Home Loan Loans

How to compare Home Loan quotes for your dream home

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Compare Home Loan quotes for your dream home

Compare home loan quotes

How to compare Home Loans

Choosing the dream home is a difficult and an important task in one’s life and an equally important one is choosing and comparing your home loan. There are many websites which offer this tool to compare home loan interest rates. But comparing home loan interest rates is not the only thing that a potential home loan borrower should look at. There are many other aspects of comparing a home loan and choosing the right one for you. In this article we cover what aspect of a home loan comparison should you look at, because ultimately it is really long term decision and the interest burden can jeopardize the financial planning. Sometimes the money saved on interest cost and other allied costs can make a huge difference in your well being at later stages in your life.

Why should you compare home loan online?

First step in home loan comparison would be to take the first cut rates and applicable charges. Most of these rates and processing fee displayed by these websites for comparison purposes is the applicable card rates. And most of the times the banks / housing finance companies offer a discount to the applicable card rates to good quality borrowers. Therefore the applicable home loan rate and processing fee could be much lower than the one displayed on the website.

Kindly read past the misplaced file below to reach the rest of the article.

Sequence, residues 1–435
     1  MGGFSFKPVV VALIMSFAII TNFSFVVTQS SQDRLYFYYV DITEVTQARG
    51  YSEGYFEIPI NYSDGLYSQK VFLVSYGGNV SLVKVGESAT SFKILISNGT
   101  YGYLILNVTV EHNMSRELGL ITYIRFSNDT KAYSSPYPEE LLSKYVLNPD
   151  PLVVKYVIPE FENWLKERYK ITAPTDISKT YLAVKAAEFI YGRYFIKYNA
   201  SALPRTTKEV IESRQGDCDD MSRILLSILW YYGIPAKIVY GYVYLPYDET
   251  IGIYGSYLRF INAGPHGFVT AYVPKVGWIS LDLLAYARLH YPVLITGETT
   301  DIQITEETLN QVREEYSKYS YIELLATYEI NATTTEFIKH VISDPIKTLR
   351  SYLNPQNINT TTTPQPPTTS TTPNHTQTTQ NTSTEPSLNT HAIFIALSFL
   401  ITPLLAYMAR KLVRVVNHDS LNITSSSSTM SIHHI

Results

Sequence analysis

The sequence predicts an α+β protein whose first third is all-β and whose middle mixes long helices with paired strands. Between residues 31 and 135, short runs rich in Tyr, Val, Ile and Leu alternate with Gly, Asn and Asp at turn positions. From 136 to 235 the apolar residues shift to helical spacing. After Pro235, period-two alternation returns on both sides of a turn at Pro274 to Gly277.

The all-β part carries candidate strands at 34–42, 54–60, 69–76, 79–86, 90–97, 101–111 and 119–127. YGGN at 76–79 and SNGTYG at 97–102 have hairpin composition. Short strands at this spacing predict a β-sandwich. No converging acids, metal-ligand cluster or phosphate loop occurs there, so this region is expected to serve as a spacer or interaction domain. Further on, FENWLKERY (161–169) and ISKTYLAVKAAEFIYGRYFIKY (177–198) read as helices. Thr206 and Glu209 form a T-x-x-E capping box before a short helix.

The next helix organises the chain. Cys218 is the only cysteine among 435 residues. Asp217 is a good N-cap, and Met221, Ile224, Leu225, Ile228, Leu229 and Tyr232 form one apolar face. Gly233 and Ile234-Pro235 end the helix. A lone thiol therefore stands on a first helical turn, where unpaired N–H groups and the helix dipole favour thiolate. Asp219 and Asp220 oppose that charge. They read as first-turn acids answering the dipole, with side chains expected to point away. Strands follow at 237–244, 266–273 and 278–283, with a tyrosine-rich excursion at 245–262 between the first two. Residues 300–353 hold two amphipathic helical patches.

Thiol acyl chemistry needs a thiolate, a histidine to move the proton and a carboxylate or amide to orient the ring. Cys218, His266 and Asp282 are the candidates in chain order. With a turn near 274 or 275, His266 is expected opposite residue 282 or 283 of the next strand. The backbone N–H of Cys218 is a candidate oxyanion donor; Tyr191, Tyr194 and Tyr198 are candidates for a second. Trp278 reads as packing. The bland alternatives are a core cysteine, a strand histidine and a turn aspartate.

What should you look beyond for home loan comparison?

Once you have the best home loan rate arrived after the comparison, the next step would be to look at the suitability of the bank to the transaction. E.g. banks like SBI, IDBI Bank and other PSU banks don’t fund the premium portion of the transaction in under construction properties. To take an example, suppose the original allottee booked an apartment with the final cost at Rs 75 lacs 4 years ago. His cost as per the builder buyer agreement would be Rs 75 lacs. Now during the last 4 years the price of this property appreciated and is now available for Rs 1.60 Crs in the resale market. A private bank like ICICI bank, HDFC Axis, PNBHFL etc can fund upto 75% of the market value of this property. Which means that to fund this purchase to a buyer in resale, a buyer if takes home loan from one of the above would have to pay Rs 40 lacs out of his pocket and the bank would be able to fund upto Rs 1.20 Crores. Whereas if the same customer approaches SBI or IDBI for home Loan, the SBI or IDBI would be able to fund only 80% of the original cost (as per the builder buyer agreement). Which means to buy this property in the resale market and taking a home loan from SBI would mean that the buyer would have to shell out Rs 1 Crores from his own pocket and the bank would only be able to fund upto Rs 60 lacs. Therefore even though the compared home loan quote from these banks could be lower, but these banks wouldn’t be able to fund this transaction. If a buyer would have approached any of these banks for a home loan then in that case he would have wasted a considerable amount of time chasing the home loan and would have less time to remedy this transaction.

Similarly in case of ready to move in property banks also fund Furniture and Fixture as a part of the transaction. The banks like ICICI Bank or HDFC would have a much higher flexibility compared to a PSU banks which have conservative yardsticks to fund additional costs. Therefore comparing home loan and getting the lowest quote is not the last solution, the funding arrangement should suit your type of transaction as well.

What are the features offered by the bank to look at while comparing your home loan?